• Rebecca

    “It’s just a matter of being Arab,” a fan named Jacob concurred, referring to the fact that Sadayev is Muslim.
    Well, doesn’t that sum it up.

  • AnonymousSam

    I don’t like the word “war.” It brings to mind something too analytical, abstract, remote. I prefer to pose the question, “under what circumstances is it justified to kill as many people as possible in a short span of time?”

    That usually results in some interesting answers.

  • David Starner

    I don’t know of a single war where that was the question. For the last 60 years, the US has never maximized its killing in a war.

  • AnonymousSam

    We also haven’t had a war like what we had sixty years ago in sixty years. Guerrilla tactics kinda sorta changed everything.

  • Alix

    Edit the question to “under what circumstances is it justified to kill people?” and the basic premise still stands. It’s far too easy to abstract war into some form of geopolitical chess, when the basic reality is that it does, at heart, involve killing real people. You get even more interesting questions if you turn it around on us: under what circumstances is it justified for someone else to violate our national sovereignty, destroy our infrastructure, and kill our citizens, no matter how few?

  • Alix

    And my “even more interesting questions,” I, of course, meant “answers.” Gah.

  • David Starner

    The ” The world isn’t angry with Christians for believing in God.” article decides to blame Twitter or porn, etc. for the reason that we feel out of control of Congress. Personally, I’ve got a bill I’d like the Nevada senate to consider, and one of the issues I have with writing everything up is that even on that level, I don’t think I can get my representative to pay attention, possibly getting a “copyright is good, mkay?” response. (And to those that are going to reply that copyright is federal, I’m fearing that response, because the suggested bill is all about the one exception that’s the feds gave to the states that’s already in Nevada law.)

  • David Starner

     You only get more interesting answers if they’re willing to ponder the question. A lot of anti-Americans refuse to consider whether militia camps training in Michigan leading to cross-border artillery strikes on Windsor, Ontario, with an apathetic US government, might be comparable to the situation that started the Afghanistan war.

  • AnonymousSam

    Define “anti-Americans”?

  • Baby_Raptor

    Invis, I don’t think you’d have anything resembling LB left at the end. Would probably just be easier to make a new movie. X_X

  • AnonymousSam

    I think the concept of Left Behind could be rescued, but it entails completely changing the characters’ attitudes, if not their actions. Some of the quasi-fanfiction written on Left Behind Friday threads has even been quite good (by my definition).

  • Lori

    I don’t think many people have an issue with the beginning of the war in Afghanistan. Folks obviously do have issues with how things have been run since then. Some of those are justifiable. Some of them less so. Some of them are I think more visceral than logical and I’m not sure how best to evaluate those.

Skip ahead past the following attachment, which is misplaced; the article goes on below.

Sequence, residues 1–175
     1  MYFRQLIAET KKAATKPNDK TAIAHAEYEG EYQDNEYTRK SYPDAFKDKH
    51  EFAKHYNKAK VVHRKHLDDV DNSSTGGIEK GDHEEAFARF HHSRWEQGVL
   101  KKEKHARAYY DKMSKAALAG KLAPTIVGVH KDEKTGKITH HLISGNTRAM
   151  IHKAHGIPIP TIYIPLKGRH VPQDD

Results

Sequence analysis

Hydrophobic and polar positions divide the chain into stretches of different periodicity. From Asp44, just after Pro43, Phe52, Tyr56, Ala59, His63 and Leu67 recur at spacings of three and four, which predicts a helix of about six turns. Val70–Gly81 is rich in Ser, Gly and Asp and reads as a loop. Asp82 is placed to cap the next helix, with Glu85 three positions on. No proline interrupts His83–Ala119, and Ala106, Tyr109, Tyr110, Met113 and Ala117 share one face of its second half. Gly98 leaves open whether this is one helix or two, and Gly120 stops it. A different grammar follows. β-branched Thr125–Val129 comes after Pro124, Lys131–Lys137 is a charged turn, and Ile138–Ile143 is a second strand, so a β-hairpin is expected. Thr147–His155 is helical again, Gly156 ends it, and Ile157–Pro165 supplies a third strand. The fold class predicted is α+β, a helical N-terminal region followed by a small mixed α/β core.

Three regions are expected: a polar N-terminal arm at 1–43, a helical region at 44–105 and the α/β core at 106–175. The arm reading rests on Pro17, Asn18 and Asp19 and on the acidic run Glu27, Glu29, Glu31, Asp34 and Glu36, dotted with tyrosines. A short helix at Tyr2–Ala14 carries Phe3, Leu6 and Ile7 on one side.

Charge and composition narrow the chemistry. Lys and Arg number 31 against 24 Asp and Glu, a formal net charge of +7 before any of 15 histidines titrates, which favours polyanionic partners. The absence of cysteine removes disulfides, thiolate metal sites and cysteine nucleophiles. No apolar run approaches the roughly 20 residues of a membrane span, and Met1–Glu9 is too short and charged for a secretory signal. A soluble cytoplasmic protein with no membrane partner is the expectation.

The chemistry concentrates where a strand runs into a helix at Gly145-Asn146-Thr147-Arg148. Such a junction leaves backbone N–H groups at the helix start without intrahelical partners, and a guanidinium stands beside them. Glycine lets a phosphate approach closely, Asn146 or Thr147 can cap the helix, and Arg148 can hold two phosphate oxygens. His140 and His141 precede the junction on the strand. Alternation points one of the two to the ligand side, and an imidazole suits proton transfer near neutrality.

The issue isn’t Afghanistan, it’s Iraq and the war the Neocons are still trying to drum up with Iran. Quite different things.

  • Wingedwyrm

    It actually isn’t that difficult.  The building blocks are the sudden disappearance of all the children and the “Good Christians”, the revelation that things are happening as in… what a nice symmetry there, and what people do in that situation.

    Well, one way to do this is to make it so the inevitability of the exactly predestined parts are not the story, but the setting in which the story happens.  Let the antichrist be distant.  Let the ruler of all the world be a distant figure of fear.

    Focus less on what’s happening in terms of signs and portents of things that, well, they’re going to happen anyway so their happening isn’t really all that interesting, and focus more on what the main characters do throughout this.  Make them active, make them help people.

    It’s doable.  It might not be doable in a way that gets past the gatekeepers, because one of the best ways to make this a good story would be to challenge the morality of rapture and the like.  Maybe even have a few of the good Christians that were brought up to the rapture be granted opportunity (if they’re truly good, they’ll be clamboring for it) to come back to earth and find some way to help.

  • flat

    I do think Fred is looking at those rules to make the characters for his future book.

    thanks to his left behind deconstruction he understands that he has to make the plot plausible.

    That his characters can’t just act like they had read the back of the books.

    And he has to put in details of the world where the characters life in, not by only telling those things but by actually showing it.

  • Sgt. Pepper’s Bleeding Heart

    Define “anti-Americans”?

    Seconded. What the hell was that? If considering the value of the lives of citizens of every country the US has imposed violence on for more than 5 minutes makes one anti-American, then let every human being be anti-American.